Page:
$500K Gift from Nass Family to Address the Stigma of Mental Health in Business
David and Dina Nass
We bleed Orange, and we are grateful for all we’ve received here that has helped give us a terrific life, family and so many good friends.
No one attending business school or aiming for a top job on Wall Street expects it to be easy. Long days and long nights. Pressure to climb the ladder and succeed. Work, work and more work seem to come with the territory. However, so can anxiety, depression, substance abuse, family problems, burnout and other mental health issues.
David ’91 and Dina Nass ’91 (A&S) have gifted $500,000 to the Whitman School to start an initiative that not only promotes greater work-life balance but destigmatizes mental health issues faced by current students and Whitman graduates entering the workforce. The hope is to find ways for those in high-stress business careers to confidently identify red flags associated with mental health issues and seek help for themselves and others.
David, managing director, head of real estate finance, at UBS Investment Bank in New York City, graduated from the Whitman School with a degree in marketing management. Rising through the banking industry, David knows all too well about working around the clock. “There were lots of sleepless nights or times I stayed up two days straight before coming home,” he says.
Dina, who majored in psychology at the College of Arts and Sciences and, for a time, worked as a substance abuse counselor, understands from her training how work pressures, lack of sleep, juggling the needs of a family and many other factors often assumed to be a natural part of the path to success can contribute to anxiety, depression, substance abuse and other mental health concerns. But she also recognizes the stigma that still surrounds mental health issues and the reluctance many may have get the help they need.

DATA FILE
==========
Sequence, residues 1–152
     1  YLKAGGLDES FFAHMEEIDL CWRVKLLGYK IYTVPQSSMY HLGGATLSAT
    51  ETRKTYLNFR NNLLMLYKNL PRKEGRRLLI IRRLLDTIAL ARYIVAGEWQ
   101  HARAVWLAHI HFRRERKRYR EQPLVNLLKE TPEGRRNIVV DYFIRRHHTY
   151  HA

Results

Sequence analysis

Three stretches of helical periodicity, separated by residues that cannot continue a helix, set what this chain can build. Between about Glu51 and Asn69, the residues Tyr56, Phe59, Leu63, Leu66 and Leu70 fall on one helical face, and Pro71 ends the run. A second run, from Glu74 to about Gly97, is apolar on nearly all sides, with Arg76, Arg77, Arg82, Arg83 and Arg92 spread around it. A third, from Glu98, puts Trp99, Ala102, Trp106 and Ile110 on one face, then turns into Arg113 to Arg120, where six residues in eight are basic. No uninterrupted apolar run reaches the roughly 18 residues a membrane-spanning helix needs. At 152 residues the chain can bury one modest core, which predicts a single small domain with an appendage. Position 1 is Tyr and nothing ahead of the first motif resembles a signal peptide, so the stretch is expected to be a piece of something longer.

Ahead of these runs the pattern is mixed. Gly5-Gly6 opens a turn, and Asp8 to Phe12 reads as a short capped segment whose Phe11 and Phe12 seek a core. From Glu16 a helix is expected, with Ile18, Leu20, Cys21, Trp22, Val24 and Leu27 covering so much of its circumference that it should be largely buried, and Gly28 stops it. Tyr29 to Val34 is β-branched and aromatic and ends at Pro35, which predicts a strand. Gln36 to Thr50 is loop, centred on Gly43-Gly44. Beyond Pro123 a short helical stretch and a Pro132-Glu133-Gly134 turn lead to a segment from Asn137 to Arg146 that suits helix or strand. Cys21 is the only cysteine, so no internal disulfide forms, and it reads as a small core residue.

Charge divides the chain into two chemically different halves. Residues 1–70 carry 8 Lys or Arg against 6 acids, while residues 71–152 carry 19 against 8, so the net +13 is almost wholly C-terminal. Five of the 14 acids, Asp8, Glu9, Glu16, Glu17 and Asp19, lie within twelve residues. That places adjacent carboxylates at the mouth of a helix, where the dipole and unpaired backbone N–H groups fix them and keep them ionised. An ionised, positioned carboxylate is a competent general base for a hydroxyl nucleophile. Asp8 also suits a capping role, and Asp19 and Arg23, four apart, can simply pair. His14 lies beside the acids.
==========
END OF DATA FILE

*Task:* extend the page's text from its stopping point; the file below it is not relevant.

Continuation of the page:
While the couple have been talking about how to contribute to tackling this issue for some time, it was the reset that COVID-19 had on work-life balance, as well as enrollment of their daughter Sophie ’24 in the David B. Falk College of Sport and Human Dynamics to study social work, that really got them thinking about how they could help create healthier business leaders and employees through a gift to the Whitman School. The couple, who met during their senior year at Syracuse University and have been married for 25 years, also have two other children, Tyler, a college senior, and Abigail ’26 (VPA). The Nass family also liked the idea of a knowledge transfer with those at Falk who have the kind of expertise that could educate Whitman students on mental health.
“If you Google ‘business school and health,’ there’s not much out there,” says David. “So, there’s a great opportunity to build a program, from scratch, that is impactful.”
To that end, the Nass family’s gift will be used to create more than coursework on the topic but instead will be integrated into the Whitman culture and include expert guest speakers, symposiums, technology and introduction of a variety of mental health topics for both graduate and undergraduate students. While the gift’s use is still in development, the Nass family also hopes that Falk students, like their daughter, who are pursuing traditionally less financially lucrative careers in areas like social work can benefit from lessons in business at the Whitman School.